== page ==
A good end cannot sanctify evil means; nor must we ever do evil, that good may come of it... We are too ready to retaliate, rather than forgive... And yet we could hurt no man that we believe loves us. Let us try then what love will do: for if men did once see we love them, we should soon find they would not harm us. Force may subdue, but Love gains: and he that forgives first, wins the laurel.
William Penn

Be patterns, be examples in all countries, places, islands, nations wherever you come; that your carriage and life may preach among all sorts of people, and to them; then you will come to walk cheerfully over the world, answering that of God in everyone...
George Fox

Sunday, February 24, 2013

Walking with Buddhists, Hitchhiking for Peace, Lessons from a Monk, On the Farm

Walking with Thomas, Andrew, and Phap Khi

It is the second day of our walk from Istanbul. The four of us walk silently in single file. Andrew, an Englishman now living in Switzerland, is in the lead. He comes to a curve in the road, and points to a path through the wood that leads up and over a hill. We all pause, then nod affirmatively, though I am thinking that the path may not be a good idea. We make our way up the path, then take a break in the woods. We don't speak much during the break. After a few minutes we continue down the other side of the path, through the woods, and straight into a high fence. We then wind our way back, sliding down a steep embankment to get back to the road, nearly to the point where we'd started on the path.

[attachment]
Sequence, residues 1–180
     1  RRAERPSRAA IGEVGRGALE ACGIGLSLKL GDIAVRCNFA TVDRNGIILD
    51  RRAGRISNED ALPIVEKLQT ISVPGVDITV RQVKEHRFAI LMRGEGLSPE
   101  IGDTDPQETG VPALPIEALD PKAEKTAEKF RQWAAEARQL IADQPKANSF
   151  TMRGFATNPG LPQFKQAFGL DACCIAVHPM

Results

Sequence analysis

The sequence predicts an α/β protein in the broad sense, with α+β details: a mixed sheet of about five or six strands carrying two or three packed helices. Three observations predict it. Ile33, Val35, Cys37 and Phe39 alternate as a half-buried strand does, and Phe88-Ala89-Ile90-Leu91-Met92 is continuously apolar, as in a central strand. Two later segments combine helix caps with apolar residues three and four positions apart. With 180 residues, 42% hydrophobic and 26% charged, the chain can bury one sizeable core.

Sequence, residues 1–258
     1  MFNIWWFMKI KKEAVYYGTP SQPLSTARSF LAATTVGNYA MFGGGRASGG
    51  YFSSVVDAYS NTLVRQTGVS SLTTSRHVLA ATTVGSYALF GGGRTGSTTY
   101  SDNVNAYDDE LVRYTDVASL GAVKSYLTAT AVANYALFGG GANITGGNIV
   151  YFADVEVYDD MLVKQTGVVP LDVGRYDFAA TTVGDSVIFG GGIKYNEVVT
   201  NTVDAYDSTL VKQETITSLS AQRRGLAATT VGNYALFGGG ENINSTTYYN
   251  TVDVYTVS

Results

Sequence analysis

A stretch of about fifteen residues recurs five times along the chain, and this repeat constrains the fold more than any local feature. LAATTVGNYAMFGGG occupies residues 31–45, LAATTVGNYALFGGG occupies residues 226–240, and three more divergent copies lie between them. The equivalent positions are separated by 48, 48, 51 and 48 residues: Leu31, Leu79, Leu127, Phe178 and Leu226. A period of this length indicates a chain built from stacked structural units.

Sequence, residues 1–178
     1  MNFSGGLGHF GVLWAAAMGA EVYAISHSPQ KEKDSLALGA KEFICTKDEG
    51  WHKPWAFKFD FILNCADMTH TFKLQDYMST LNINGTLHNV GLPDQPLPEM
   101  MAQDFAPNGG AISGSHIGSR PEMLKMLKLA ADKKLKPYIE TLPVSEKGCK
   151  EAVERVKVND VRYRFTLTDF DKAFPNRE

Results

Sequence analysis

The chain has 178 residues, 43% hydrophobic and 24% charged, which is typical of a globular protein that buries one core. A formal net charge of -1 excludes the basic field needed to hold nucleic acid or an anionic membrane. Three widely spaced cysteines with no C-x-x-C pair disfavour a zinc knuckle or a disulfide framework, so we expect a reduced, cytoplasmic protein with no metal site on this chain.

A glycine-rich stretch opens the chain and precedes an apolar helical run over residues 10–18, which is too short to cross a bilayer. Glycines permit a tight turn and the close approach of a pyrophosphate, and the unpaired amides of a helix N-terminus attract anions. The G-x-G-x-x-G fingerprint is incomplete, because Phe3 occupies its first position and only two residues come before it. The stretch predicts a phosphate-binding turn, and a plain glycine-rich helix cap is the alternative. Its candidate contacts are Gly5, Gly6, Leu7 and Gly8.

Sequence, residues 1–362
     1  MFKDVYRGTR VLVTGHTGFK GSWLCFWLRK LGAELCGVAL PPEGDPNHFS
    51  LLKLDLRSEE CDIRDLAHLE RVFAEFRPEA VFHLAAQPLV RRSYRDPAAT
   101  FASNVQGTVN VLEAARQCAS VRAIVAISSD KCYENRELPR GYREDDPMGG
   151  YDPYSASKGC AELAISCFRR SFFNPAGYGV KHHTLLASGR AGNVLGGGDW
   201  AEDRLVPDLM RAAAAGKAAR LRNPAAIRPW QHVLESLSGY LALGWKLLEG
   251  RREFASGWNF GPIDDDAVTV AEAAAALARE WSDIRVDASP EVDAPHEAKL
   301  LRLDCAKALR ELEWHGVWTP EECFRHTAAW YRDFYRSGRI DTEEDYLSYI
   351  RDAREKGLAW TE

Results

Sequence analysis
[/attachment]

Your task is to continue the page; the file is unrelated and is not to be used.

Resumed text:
In my unenlightened mind I am a bit exasperated. Our detour has cost us three kilometers and wasted energy. I am impatient to make some progress, not only to get closer to my ultimate destination, but also to leave behind the pain of separation from my friend. But for the other three, what the detour has 'cost' us is not an issue. We are simply where we are.

By the end of the second day we are in a tourist area, in a village called Polonez. Thomas has presented a leaflet he's had printed to the manager of a nice restaurant. The leaflet explains that we are walking for peace, and that any help the reader can offer, such as food and lodging, would be appreciated. The manager converses with his peers in Turkish. There is some laughter among them, some shoulder shrugging, some arguing. Then we are invited to have dinner in the restaurant.
Afterwards we are told to see the mayor of the village to find lodging, but when we get to his office, it is closed. It is now dusk, and we go into the teahouse and have tea. We sit silently waiting for someone to offer us a place to sleep. I explain to my friends that on my walk, having failed to find a room to sleep in, I would have already gotten through the village and found a place to camp. Instead, on this walk, we sit and sip tea, waiting.
Then a young man approaches our table and says hello in English. Phap Khi asks, "Can you help us?"